"Celebration" by Premiata Forneria Marconi (PFM) an Italian Prog band. The song is off the album "Photos of Ghosts".
Steve Coogan in 'Saxondale' series one
Don't miss Steve Coogan's new character-led seven part TV series 'Saxondale'
How do you follow Alan Partridge? That’s been the problem facing Steve Coogan since his downtrodden TV/radio-show host character hit the big time over a decade ago. Flops such as Tony Ferrino have seen Coogan concentrating on a moderately successful film career of late, but this week he’s back on the small screen with a new character-led seven-part series, ‘Saxondale’, which he co-wrote with Neil MacLennan.
Tommy Saxondale isn’t an easy character to get to grips with immediately: a greying, bearded, pot-bellied Stevenage suburbanite embracing middle age with world-weary resignation, he’s gradually rendered more colourful as his obsession with music (he’s an ex-roadie) and approach to his job (pest control) are revealed. One particularly amusing sequence sees him interviewing potential assistants based on their taste in music; a mention of Creamfields is met with disapproving silence.
‘It’s interesting that Steve’s chosen an older character,’ says Henry Normal of his fellow executive producer and star. Normal describes Alan Partridge as ‘grotesque’, and feels that ‘Saxondale’ is ‘a lot warmer – more adult, more mature’. Indeed, while Tommy Saxondale is often taken down a peg or two by fellow pest-control worker Vicky (the scene-stealing Morwenna Banks), he’s also allowed to show wit and warmth in scenes with his girlfriend Magz (Ruth Jones) and his new employee Raymond (Rasmus Hardiker). Insisting young Raymond stay in the guest room, Saxondale welcomes him with a batch of vintage porn – amusingly inappropriate, but endearingly kind. ‘He’s almost fatherly to Raymond,’ says Normal. ‘It reminds me of the relationship that Ronnie Barker had [with Richard Beckinsale] in “Porridge”.’
Normal puts this warmth down to writer Coogan’s interest in American films and sitcoms. ‘We tend in this country to laugh at rather than with, but American characters are allowed to be witty themselves. With Saxondale, we can both enjoy his witticisms as well as laugh against him.’ There are enough good jokes in the first episode to see you through, but this isn’t Partridge-style hilarity – the malapropisms are less embarrassing, the fashion faux pas less disastrous. You get the feeling that Tommy Saxondale could be a bit of a grower, just as Jill was in ‘Nighty Night’, or even David Brent in ‘The Office’. Although if Brent and Saxondale went head-to-head for laughs, at this stage our money would be on Slough rather than Stevenage.
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for anyone else who it has been bothering, the song during the end credit was used in the NIKE advert from before the world cup 2010 in South Africa.
The answer in relation to the theme music has been puzzling me for some time - I had recollections of that theme being used for a Science/Educational programme in the mid to late 1970s, but I am so relieved to have found the answer at last!!
I seem to recall the title music was used for the BBC 2 schools show called "Encounter Europe" which I remember from the early 80s: sort of a "get to know your European neighbours" programme. Guess they used in Geography and Language classes!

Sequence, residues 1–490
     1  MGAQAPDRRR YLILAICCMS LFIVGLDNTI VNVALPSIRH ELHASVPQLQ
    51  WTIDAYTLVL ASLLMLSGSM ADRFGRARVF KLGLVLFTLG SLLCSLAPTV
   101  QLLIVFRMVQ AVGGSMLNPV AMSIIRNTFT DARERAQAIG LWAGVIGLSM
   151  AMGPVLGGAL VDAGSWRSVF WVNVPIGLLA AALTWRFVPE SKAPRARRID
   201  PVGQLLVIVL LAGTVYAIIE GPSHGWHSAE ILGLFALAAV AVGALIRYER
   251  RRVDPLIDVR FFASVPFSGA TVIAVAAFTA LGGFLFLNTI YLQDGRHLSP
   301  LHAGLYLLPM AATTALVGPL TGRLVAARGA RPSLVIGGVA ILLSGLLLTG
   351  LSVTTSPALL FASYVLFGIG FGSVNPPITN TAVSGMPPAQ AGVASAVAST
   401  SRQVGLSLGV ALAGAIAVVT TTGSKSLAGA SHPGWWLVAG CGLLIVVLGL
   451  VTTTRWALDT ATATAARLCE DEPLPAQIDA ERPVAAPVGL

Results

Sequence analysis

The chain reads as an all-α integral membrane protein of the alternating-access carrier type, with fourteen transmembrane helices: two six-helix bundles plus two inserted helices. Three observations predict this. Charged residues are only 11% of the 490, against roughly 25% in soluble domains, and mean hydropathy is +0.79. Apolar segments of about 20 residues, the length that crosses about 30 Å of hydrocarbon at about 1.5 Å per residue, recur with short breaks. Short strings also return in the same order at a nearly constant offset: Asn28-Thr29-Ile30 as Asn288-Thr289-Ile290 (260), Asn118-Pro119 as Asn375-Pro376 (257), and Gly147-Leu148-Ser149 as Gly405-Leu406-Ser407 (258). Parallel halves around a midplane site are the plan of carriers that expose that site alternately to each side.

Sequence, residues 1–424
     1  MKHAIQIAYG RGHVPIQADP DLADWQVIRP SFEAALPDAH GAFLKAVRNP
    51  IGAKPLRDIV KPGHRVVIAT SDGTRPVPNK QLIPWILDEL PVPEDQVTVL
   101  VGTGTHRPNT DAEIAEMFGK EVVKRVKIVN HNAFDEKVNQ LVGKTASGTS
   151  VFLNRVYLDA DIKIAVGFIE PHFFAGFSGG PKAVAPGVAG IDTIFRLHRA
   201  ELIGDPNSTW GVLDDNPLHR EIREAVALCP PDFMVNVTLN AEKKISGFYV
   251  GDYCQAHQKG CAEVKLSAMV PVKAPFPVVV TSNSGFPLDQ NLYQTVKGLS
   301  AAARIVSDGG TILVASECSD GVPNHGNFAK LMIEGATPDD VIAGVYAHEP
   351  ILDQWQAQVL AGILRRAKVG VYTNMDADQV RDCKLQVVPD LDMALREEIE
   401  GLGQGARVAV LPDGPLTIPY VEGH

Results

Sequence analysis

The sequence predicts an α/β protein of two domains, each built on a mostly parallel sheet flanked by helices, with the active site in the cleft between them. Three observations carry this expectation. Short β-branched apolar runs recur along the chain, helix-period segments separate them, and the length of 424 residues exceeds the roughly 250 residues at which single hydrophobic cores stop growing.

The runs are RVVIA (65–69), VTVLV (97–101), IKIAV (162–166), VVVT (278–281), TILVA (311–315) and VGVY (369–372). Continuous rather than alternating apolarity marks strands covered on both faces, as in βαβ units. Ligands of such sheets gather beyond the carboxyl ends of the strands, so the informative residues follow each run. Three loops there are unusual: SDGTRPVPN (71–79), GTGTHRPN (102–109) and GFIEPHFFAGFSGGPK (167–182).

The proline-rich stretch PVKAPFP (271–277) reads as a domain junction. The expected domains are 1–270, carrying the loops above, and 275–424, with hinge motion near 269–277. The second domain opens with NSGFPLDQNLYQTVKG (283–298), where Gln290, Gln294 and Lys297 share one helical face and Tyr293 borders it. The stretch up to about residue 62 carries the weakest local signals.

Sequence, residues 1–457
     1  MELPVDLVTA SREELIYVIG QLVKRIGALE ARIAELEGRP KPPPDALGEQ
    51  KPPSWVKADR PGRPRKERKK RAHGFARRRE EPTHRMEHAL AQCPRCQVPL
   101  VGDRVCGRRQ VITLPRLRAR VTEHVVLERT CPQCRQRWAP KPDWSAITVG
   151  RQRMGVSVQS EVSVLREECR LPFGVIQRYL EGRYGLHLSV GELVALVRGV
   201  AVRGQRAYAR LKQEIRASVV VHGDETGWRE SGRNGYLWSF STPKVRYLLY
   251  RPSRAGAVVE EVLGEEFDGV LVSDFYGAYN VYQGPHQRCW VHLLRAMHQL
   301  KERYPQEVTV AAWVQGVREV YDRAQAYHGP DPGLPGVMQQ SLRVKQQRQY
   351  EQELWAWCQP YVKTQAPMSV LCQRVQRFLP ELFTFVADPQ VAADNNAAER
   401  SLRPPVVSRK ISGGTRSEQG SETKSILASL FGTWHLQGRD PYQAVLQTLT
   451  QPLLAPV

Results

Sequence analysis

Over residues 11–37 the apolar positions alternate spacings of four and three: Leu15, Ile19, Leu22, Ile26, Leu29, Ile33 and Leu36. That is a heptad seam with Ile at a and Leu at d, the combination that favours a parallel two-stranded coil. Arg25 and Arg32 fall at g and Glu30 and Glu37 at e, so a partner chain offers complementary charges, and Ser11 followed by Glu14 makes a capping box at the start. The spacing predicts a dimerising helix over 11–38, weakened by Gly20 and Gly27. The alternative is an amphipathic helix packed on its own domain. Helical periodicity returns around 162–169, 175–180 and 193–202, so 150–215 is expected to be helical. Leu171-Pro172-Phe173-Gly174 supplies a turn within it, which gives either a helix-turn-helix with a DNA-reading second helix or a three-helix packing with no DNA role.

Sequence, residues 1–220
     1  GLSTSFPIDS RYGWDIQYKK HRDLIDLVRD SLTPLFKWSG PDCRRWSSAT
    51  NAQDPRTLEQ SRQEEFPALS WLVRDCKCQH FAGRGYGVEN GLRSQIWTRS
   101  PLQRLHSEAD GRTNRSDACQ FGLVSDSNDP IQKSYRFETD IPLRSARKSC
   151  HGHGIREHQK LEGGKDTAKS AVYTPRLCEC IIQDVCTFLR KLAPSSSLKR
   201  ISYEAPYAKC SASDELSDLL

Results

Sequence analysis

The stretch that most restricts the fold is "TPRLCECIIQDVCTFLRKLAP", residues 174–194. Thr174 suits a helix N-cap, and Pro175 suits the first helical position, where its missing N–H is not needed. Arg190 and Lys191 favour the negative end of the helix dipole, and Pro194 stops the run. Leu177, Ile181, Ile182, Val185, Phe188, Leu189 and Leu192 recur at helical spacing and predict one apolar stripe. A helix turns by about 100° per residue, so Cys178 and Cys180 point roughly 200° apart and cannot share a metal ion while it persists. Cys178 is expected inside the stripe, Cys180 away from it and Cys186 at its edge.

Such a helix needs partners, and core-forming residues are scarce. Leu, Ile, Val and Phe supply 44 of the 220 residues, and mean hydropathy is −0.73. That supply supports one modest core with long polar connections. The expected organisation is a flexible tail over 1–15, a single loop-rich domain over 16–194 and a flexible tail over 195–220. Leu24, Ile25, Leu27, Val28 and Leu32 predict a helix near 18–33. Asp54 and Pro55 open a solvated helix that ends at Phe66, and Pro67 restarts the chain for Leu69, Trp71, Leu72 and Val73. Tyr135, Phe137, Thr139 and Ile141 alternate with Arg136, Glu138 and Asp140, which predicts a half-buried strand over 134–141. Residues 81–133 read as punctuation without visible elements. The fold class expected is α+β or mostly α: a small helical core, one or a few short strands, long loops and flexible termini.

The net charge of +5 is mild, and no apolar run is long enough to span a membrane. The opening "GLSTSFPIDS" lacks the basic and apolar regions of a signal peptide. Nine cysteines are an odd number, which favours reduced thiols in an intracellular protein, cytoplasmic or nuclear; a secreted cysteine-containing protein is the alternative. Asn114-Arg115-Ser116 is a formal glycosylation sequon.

The theme that starts the prog is 'House of the King' by Dutch band, Focus featuring Thijs van Leet on Flute but actually written by guitarist Jan Akkerman. The music used to end the prog is Hocus Pocus also by Focus. This one was written by van Leer and Akkerman and it stops before we get to hear the yodelling (honest). HOuse of the King was indeed used in a science programme many years ago. It was called 'Don't Ask Me' and featured people like Magnus Pike, Miriam Stoppard and David Bellamy. Focus are still touring to this day although their astonishing guitarist, Jan Akkerman, is no longer a member. He prefers to tour with his own band and comes to the UK almost every year. Snippts of other Focus music have also been used (Anonymous II) being the one that spings to mind.
a lot of the in between music is from the tull !!there is quite a bit fom the 70s album "songs from the wood" also here were a few snippets from the album heavy horses ! which were instantly regognisable !!!!!!!!!!!! unlike me spellin!!!!! what a fantastic first episode cant wait for the next one !!!
Answer for Tim Gow - i'm pretty sure that the Saxondale theme was also the theme for a current affairs prog of the 70's called "Ways and Means".
The TV show was Don't Ask Me - an early evening science show from Yorkshire featuring Magnus Pyke and Dr.Miriam Stoppard. Hope that helps.
'House of the King', the title music from Saxondale, by Focus (as Robbie said) - I remember the tune clearly from my early youth, and am sure it was also used as the theme tune for a quiz show, or possibly a science programme in the 1970s? A programme like How, only not...? Anyone remember?
Answer for Rich. No it's not Jethro Tull, it's a Dutch band called Focus. Main music is 'House of the King' I think but there's also been snippets of 'Hocus Pocus' in it. Had a big hit inthe seventies with a track called 'Sylvia' but actually still going today.
Just watched the first Saxondale, and wow, it does seem promising. The humour is exceptionally subtle and the character a real flight of imagination. He's the typical 'anything with guitars' musical biggot (Bon Jovi is as good as Iggy Pop as far as he's concerned), although I still wonder at his ponderings over Eno at the start (his opinions on electronic music are made clear). Anyway, seems promising, and as for David Brent, it stopped being funny a long time ago. Hope this turns out good in the end.